The NKP helps ease the logistics of encrypting data and some of the headaches when using an external key provider, such as ensuring access to the external key provider at all times and high availability configurations. With the NKP, organizations are protected from the “chicken-egg” scenario with an external key provider. Unlike External Key Providers, the NKP provides key persistence on the ESXi hosts.

ESXi hosts use the Key Derivation Key (KDK) mentioned earlier to generate data encryption keys to enable data encryption capabilities. Also, the ESXi hosts store and cache these within a local TPM device, if one is available. If the VCSA goes offline and the cluster goes dark, the vSAN DS will come back online as the ESXi hosts pull encryption keys out of TPMs for the native key manager.

The Native Key Provider enables ESXi hosts to provision vTPM, vSAN encryption, and VM encryption.

A Native Key Provider configured on VCSAA Native Key Provider configured on VCSA

vTPM

In the physical server hardware world, Trusted Platform Modules (TPMs) are discrete security devices that allow storing sensitive cryptographic information in a way that prevents tampering. A TPM chip is essentially a secure crypto-processor that carries out cryptographic operations. TPM devices are designed with many different physical security mechanisms.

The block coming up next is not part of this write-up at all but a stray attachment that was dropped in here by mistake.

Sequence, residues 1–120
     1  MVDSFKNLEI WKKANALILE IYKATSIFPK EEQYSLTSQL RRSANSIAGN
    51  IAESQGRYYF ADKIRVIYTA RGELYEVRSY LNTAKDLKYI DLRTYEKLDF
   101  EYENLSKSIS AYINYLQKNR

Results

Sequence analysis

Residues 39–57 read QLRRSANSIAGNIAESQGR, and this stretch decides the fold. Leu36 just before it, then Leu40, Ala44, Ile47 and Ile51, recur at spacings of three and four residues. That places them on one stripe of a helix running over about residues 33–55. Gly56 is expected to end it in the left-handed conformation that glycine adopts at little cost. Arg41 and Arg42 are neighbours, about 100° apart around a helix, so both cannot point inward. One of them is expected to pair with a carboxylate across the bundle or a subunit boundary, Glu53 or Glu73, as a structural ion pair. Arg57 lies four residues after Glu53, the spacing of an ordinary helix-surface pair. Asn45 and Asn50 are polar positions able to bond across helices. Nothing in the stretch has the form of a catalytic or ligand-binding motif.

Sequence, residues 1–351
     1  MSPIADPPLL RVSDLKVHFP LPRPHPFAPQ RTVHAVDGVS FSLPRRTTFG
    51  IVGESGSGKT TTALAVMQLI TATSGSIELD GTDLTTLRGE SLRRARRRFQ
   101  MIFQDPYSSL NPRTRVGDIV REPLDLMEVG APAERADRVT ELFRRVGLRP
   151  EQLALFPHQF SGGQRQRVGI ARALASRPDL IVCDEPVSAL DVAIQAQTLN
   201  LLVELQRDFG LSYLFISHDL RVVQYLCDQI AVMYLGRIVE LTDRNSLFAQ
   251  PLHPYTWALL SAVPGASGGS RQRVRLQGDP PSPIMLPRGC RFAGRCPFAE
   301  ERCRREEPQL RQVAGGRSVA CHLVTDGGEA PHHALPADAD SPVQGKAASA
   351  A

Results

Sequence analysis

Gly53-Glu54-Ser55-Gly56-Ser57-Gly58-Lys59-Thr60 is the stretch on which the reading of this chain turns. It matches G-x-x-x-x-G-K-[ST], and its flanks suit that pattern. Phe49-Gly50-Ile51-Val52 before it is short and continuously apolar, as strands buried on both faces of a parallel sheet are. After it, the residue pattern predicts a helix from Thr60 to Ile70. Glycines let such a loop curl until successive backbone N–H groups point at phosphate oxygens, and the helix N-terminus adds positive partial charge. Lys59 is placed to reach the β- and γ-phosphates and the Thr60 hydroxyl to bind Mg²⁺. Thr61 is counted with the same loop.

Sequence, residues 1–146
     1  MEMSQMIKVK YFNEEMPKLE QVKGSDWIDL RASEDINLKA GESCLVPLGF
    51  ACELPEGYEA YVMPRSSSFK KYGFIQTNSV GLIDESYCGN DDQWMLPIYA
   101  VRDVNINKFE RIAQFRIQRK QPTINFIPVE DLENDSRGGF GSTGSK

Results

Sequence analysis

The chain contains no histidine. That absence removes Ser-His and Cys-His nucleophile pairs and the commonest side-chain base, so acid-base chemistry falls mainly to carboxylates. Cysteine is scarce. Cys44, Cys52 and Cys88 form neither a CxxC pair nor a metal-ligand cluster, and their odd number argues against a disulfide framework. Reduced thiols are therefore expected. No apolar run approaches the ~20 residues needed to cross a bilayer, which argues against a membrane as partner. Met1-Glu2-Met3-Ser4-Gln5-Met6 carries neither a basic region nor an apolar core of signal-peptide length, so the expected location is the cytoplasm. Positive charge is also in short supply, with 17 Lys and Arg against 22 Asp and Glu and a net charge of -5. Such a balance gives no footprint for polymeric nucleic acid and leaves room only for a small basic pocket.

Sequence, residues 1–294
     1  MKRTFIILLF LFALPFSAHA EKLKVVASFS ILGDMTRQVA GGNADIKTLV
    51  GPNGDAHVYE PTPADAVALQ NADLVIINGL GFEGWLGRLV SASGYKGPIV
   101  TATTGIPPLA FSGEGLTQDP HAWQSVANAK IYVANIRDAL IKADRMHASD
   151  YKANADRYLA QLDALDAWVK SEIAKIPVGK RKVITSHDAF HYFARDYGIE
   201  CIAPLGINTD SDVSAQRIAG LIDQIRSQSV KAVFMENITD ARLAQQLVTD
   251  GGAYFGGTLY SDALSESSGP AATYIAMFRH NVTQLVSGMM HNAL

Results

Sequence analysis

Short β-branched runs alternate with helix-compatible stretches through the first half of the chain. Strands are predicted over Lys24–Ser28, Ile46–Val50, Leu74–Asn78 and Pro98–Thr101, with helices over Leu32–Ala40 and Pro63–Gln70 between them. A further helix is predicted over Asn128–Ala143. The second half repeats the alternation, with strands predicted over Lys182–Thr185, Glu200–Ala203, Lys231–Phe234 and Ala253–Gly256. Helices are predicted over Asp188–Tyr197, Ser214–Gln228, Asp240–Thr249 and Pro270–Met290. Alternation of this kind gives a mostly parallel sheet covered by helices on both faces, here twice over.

It helps make the TPM resistant to tampering by a threat actor looking to change or alter the security keys associated with the device. TPM devices are used for system integrity measurements, and host attestation, ensuring the boot code (firmware and OS components) are validated as secure and not compromised.

Adding a vTPM device to a virtual machine in VMware vSphereAdding a vTPM device to a virtual machine in VMware vSphere

The virtual TPM (vTPM) represents a physical TPM 2.0 device inside software. It allows virtual machines to have a software-based TPM 2.0 device, allowing the virtual machine to store sensitive cryptographic information inside the vTPM. Using a vTPM device is required for modern operating systems like Windows 11 since it now checks for the presence of a TPM device during installations and upgrades.

One of the requirements for using the vTPM virtual hardware is a key provider in your vSphere environment. The vSphere Native Key Provider allows adding the vTPM since VM encryption is required to add the vTPM.